City of Columbia v. Omni Outdoor Advertising,
Annotate this Case
499 U.S. 365 (1991)
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U.S. Supreme Court
City of Columbia v. Omni Outdoor Advertising, 499 U.S. 365 (1991)
City of Columbia v. Omni Outdoor Advertising, Inc.
Argued Nov. 28, 1990
Decided April 1, 1991
499 U.S. 365
After respondent Omni Outdoor Advertising, Inc., entered the billboard market in petitioner Columbia, South Carolina, petitioner Columbia Outdoor Advertising, Inc. (COA), which controlled more than 95% of the market and enjoyed close relations with city officials, lobbied these officials to enact zoning ordinances restricting billboard construction. After such ordinances were passed, Omni filed suit against petitioners under §§ 1 and 2 of the Sherman Act and the State's Unfair Trade Practices Act, alleging, inter alia, that the ordinances were the result of an anticompetitive conspiracy that stripped petitioners of any immunity to which they might otherwise be entitled. After Omni obtained a jury verdict on all counts, the District Court granted petitioners' motions for judgment notwithstanding the verdict on the ground that their activities were outside the scope of the federal antitrust laws. The Court of Appeals reversed and reinstated the verdict.
1. The city's restriction of billboard construction is immune from federal antitrust liability under Parker v. Brown, 317 U. S. 341, 317 U. S. 352 -- which held that principles of federalism and state sovereignty render the Sherman Act inapplicable to anticompetitive restraints imposed by the States "as an act of government" -- and subsequent decisions according Parker immunity to municipal restriction of competition in implementation of state policy, see, e.g., Hallie v. Eau Claire, 471 U. S. 34, 471 U. S. 38. Pp. 499 U. S. 370-379.
(a) The Court of Appeals correctly concluded that the city was prima facie entitled to Parker immunity for its billboard restrictions. Although Parker immunity does not apply directly to municipalities or other political subdivisions of the States, it does apply where a municipality's restriction of competition is an authorized implementation of state policy. South Carolina's zoning statutes unquestionably authorized the city to regulate the size, location, and spacing of billboards. The additional Parker requirement that the city possess clear delegated authority to suppress competition, see, e.g., Hallie, supra, 471 U.S. at 471 U. S. 40-42, is also met here, since suppression of competition is, at the very least, a foreseeable result of zoning regulations. Pp. 499 U. S. 370-373.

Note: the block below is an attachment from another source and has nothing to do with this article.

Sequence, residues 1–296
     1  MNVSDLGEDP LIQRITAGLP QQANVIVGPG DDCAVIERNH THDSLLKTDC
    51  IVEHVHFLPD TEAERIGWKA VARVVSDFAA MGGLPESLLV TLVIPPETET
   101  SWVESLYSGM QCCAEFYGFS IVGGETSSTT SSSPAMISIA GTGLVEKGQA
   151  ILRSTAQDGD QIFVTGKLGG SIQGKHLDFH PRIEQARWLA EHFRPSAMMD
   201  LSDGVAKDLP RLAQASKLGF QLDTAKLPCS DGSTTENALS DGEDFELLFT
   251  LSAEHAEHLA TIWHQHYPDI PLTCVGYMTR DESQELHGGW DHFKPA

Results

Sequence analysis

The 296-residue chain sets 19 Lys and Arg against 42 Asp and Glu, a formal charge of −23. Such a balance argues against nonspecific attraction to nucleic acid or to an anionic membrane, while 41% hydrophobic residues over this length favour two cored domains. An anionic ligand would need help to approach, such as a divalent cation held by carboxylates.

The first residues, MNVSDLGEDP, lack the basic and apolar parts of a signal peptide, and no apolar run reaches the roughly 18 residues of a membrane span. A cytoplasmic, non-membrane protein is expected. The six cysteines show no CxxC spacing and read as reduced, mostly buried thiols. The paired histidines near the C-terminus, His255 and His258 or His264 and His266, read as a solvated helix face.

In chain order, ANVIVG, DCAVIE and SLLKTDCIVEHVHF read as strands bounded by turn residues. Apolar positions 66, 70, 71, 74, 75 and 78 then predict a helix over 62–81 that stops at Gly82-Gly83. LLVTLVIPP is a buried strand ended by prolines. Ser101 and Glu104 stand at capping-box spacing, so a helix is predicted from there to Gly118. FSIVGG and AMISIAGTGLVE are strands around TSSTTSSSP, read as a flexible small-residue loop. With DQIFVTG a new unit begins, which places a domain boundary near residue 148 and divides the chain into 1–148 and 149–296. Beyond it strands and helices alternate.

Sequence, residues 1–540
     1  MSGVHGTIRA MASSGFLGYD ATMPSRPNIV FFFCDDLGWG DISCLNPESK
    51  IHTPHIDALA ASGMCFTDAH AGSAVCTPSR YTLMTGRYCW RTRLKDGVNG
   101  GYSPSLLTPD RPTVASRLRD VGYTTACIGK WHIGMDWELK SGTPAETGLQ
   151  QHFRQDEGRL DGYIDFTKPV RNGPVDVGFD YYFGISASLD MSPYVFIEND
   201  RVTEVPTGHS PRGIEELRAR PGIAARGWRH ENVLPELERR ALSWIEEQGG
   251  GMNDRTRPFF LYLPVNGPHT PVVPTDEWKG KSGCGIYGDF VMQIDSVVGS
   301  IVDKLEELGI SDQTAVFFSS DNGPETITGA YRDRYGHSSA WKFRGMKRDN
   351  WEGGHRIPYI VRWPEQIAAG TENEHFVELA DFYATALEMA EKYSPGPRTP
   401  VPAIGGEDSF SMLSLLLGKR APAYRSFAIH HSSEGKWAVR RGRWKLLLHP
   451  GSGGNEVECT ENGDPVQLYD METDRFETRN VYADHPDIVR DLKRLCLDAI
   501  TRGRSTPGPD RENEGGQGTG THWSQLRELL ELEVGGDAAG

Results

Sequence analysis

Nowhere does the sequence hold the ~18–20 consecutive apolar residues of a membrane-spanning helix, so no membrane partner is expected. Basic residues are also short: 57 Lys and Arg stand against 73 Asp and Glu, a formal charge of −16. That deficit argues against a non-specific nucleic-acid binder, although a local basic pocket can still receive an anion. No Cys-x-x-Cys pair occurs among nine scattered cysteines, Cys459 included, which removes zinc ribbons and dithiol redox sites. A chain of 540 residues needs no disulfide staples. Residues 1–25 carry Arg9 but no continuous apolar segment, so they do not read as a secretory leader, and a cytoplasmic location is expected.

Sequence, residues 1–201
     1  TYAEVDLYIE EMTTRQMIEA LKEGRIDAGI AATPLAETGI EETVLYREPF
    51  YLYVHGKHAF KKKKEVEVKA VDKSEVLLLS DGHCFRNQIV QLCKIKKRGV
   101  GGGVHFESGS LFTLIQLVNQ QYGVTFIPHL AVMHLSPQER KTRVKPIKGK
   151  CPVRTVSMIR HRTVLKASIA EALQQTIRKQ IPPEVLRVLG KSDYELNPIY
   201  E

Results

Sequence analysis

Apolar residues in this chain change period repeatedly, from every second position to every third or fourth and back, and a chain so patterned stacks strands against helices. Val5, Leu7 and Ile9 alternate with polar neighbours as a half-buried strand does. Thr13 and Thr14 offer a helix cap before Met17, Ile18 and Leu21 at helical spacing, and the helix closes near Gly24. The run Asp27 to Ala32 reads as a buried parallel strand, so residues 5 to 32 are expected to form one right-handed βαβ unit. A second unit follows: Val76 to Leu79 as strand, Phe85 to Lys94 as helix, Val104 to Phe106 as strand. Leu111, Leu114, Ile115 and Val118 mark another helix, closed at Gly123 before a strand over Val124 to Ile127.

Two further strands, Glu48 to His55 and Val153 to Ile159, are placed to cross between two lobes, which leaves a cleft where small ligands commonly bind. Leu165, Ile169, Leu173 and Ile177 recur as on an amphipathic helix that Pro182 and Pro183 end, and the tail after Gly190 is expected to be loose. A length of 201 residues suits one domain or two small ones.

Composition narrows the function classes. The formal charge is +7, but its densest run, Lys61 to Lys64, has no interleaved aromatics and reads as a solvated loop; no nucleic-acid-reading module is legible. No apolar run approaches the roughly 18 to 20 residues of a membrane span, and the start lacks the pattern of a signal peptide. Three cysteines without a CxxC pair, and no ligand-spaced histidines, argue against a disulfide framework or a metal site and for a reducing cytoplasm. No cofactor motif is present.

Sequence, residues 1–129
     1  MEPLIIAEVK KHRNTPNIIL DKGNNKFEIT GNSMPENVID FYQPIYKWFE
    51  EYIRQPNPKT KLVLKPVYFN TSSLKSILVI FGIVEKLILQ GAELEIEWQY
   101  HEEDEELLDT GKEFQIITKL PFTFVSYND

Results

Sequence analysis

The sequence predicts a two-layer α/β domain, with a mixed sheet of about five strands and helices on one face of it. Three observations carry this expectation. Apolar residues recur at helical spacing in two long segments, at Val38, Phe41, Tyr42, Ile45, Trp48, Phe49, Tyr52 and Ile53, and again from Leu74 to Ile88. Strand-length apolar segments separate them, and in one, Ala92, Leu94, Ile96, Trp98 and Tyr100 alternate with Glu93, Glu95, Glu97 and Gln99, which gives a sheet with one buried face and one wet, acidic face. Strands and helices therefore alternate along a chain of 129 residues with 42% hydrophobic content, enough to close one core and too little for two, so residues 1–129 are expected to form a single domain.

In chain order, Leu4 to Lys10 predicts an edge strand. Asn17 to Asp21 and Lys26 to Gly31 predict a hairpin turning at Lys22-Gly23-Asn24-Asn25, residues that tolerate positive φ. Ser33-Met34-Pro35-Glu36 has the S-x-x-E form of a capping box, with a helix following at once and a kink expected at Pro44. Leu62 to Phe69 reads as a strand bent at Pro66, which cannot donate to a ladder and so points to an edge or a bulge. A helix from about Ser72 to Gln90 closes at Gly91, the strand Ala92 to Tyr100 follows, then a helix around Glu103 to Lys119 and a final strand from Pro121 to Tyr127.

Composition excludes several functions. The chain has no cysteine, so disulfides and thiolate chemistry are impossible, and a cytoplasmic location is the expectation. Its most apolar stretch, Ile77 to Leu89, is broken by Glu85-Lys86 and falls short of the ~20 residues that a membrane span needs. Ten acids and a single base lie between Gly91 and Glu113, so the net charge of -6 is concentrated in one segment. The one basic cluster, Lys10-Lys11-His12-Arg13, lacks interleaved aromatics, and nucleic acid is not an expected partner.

(b) The Court of Appeals erred, however, in applying a "conspiracy" exception to Parker, which is not supported by the language of that case. Such an exception would swallow up the Parker rule if "conspiracy" means nothing more than agreement to impose the regulation in question, since it is both inevitable and desirable that public officials agree to do what one or another group of private citizens urges upon them. It would be similarly impractical to limit "conspiracy" to instances of governmental "corruption," or governmental acts "not in the public interest"; virtually all anticompetitive regulation is open to such charges, and the risk of unfavorable ex post facto judicial assessment would impair the States' ability to regulate their domestic commerce. Nor is it appropriate to limit "conspiracy" to instances in which bribery or some other violation of state or federal law has been established, since the exception would then be unrelated to the purposes of the Sherman Act, which condemns trade restraints, not political activity. With the possible exception of the situation in which the State is acting as a market participant, any action that qualifies as state action is ipso facto exempt from the operation of the antitrust laws. Pp. 499 U. S. 374-379.
2. COA is immune from liability for its activities relating to enactment of the ordinances under Eastern Railroad Presidents Conference v. Noerr Motor Freight, Inc., 365 U. S. 127, 365 U. S. 141, which states a corollary to Parker: the federal antitrust laws do not regulate the conduct of private individuals in seeking anticompetitive action from the government. The Court of Appeals erred in applying the "sham" exception to the Noerr doctrine. This exception encompasses situations in which persons use the governmental process itself -- as opposed to the outcome of that process -- as an anticompetitive weapon. That is not the situation here. California Motor Transport Co. v. Trucking Unlimited, 404 U. S. 508, 404 U. S. 512, distinguished. Omni's suggestion that this Court adopt a "conspiracy" exception to Noerr immunity is rejected for largely the same reasons that prompt the Court to reject such an exception to Parker. Pp. 499 U. S. 379-384.
3. The Court of Appeals on remand must determine (if the theory has been properly preserved) whether the evidence was sufficient to sustain a verdict for Omni based solely on its assertions that COA engaged in private anticompetitive actions, and whether COA can be held liable to Omni on its state law claim. P. 499 U. S. 384.
891 F.2d 1127 (CA4 1989), reversed and remanded.
SCALIA, J., delivered the opinion of the Court, in which REHNQUIST, C.J., and BLACKMUN, O'CONNOR, KENNEDY, and SOUTER, JJ., joined. STEVENS, J., filed a dissenting opinion, in which WHITE and MARSHALL, JJ., joined, post, p. 499 U. S. 385.